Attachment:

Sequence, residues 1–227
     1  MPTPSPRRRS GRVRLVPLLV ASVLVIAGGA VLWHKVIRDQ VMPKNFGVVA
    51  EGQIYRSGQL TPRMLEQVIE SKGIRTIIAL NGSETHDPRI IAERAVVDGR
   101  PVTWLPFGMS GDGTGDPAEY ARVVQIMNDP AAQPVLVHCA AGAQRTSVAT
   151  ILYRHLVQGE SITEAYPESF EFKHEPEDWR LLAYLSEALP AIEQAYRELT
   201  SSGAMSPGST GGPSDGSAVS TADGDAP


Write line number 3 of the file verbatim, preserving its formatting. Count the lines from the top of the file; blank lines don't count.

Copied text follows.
    51  EGQIYRSGQL TPRMLEQVIE SKGIRTIIAL NGSETHDPRI IAERAVVDGR